Some weeks ago (well it was when I started writing this!) I attended the Tolleyâ€™s taxation live conference.
The speakers ranged from the CEO of HMRC across various luminaries within the taxation world many who write for taxation perhaps the leading tax magazine for practitioners in the country.
It was in my opinion a very interesting and successful conference.
There was one interesting theme to my mind that resonated throughout the various presentations. Where are we going in terms of tax?
Very few people could not be aware of the tremendous interest shown by the media over the last year regarding what have been alleged to be abuses of the tax system in terms of large international corporates not having to pay any UK corporation tax or individuals benefiting from outlandish tax planning schemes.
Prior to the general public and particularly Parliament taking a great interest in this a working party was set up to look at various aspects of tax abuse and the Revenue published the general anti-abuse rule which is seen in theory as being the answer to many of the problems regarding tax avoidance.
There was a very interesting divergences of opinion between the speakers as to their thought concerning how effective the GAAR will be and what we can expect regarding tax planning in the future. There are thoughts in certain quarters that changes could involve practices that are presently accepted by all as being quite in order having to be changed one of the most common ones would be the remuneration of directors of SMEâ€™s where they receive a salary and dividends. For many years there has been a bogeyman put out of National Insurance will be charged on dividends whilst that might logically not sound correct there could be a situation whereby it would be made unattractive for dividends to be paid.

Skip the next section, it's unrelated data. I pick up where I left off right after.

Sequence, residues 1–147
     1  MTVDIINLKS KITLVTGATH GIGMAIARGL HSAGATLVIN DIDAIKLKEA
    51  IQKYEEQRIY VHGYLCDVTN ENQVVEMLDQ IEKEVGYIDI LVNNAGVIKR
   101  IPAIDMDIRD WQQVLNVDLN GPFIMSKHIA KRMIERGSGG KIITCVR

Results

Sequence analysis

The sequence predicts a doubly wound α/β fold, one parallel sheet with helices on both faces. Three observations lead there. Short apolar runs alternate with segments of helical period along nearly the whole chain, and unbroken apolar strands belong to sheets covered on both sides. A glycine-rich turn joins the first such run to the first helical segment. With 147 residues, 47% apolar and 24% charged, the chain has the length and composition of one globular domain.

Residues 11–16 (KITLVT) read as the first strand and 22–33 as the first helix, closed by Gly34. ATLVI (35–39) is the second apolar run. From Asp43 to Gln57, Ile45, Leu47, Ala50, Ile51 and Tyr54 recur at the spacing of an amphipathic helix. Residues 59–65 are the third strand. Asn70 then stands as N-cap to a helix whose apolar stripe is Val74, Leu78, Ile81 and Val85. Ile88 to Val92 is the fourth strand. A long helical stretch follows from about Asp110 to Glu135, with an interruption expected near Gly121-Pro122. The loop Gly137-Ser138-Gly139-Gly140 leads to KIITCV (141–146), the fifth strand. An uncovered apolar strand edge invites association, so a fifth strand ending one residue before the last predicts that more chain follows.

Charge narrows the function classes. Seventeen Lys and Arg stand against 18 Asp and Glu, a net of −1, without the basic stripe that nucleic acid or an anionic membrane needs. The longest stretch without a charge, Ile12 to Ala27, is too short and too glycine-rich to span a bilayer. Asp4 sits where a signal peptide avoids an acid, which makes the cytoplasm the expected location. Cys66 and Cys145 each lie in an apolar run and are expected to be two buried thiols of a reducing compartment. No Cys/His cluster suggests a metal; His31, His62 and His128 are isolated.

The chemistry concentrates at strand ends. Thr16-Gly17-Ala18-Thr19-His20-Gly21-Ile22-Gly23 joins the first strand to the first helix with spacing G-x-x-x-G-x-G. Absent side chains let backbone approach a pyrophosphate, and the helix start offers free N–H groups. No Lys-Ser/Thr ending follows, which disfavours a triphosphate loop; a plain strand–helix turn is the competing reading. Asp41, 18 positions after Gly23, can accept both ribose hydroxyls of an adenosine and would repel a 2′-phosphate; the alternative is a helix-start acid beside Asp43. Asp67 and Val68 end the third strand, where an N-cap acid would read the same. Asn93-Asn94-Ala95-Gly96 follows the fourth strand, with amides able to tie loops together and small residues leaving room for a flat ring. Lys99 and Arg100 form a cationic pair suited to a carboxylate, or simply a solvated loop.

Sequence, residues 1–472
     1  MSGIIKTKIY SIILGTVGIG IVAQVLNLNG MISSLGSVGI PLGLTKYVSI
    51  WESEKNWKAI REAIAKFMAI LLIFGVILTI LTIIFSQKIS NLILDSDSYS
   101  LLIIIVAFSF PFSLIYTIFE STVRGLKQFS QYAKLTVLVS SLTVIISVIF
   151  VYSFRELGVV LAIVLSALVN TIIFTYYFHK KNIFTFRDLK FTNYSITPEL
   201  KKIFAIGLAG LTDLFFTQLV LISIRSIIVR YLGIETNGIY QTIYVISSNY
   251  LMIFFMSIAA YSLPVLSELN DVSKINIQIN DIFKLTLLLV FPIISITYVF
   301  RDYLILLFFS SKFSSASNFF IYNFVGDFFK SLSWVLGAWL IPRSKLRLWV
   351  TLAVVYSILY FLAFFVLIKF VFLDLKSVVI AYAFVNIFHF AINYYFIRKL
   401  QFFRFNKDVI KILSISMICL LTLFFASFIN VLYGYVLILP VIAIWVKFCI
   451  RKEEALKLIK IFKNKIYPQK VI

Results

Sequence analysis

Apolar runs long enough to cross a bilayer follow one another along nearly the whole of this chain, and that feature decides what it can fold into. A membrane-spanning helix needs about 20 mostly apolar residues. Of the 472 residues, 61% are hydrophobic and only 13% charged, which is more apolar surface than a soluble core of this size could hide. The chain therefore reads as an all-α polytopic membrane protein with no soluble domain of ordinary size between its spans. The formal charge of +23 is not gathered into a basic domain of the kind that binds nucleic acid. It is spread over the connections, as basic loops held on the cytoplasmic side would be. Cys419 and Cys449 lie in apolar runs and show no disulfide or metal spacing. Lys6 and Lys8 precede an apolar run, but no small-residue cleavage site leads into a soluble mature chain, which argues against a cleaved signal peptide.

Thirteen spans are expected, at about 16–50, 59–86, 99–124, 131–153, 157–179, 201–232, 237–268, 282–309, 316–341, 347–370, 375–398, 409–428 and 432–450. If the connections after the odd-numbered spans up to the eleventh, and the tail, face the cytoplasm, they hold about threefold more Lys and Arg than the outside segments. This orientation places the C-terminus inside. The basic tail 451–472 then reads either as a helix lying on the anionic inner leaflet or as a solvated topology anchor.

I came away with the feeling that not only should there be some public discussion of the issues that the media and Parliament have brought to light so that generally there is actually a better understanding of what goes on â€“ though that might not be of interest to the layman!
Even the professionals who are involved with those retained to draft the law have got different views of what will happen and I think that we shall see no easy solution.
I suspect that we will simply see the amount of legislation having to increase in order to deal with many of the changes that are wanted. Those in tax planning are in for an interesting period.